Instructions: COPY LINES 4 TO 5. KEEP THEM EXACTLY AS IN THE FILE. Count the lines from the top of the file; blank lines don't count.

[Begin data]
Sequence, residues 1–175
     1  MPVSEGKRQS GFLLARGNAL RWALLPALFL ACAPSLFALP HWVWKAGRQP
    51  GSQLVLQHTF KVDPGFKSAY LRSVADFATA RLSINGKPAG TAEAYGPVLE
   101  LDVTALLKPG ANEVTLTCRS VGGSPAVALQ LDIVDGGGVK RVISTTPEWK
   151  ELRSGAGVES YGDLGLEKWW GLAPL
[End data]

   101  LDVTALLKPG ANEVTLTCRS VGGSPAVALQ LDIVDGGGVK RVISTTPEWK
   151  ELRSGAGVES YGDLGLEKWW GLAPL